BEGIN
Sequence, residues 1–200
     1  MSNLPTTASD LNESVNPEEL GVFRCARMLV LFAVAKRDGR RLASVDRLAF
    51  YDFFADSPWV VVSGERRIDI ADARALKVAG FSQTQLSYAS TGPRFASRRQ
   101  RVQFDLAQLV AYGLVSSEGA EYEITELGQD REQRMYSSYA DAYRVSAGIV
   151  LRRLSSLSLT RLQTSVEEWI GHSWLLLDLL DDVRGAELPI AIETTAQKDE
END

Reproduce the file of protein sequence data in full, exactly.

Sequence, residues 1–200
     1  MSNLPTTASD LNESVNPEEL GVFRCARMLV LFAVAKRDGR RLASVDRLAF
    51  YDFFADSPWV VVSGERRIDI ADARALKVAG FSQTQLSYAS TGPRFASRRQ
   101  RVQFDLAQLV AYGLVSSEGA EYEITELGQD REQRMYSSYA DAYRVSAGIV
   151  LRRLSSLSLT RLQTSVEEWI GHSWLLLDLL DDVRGAELPI AIETTAQKDE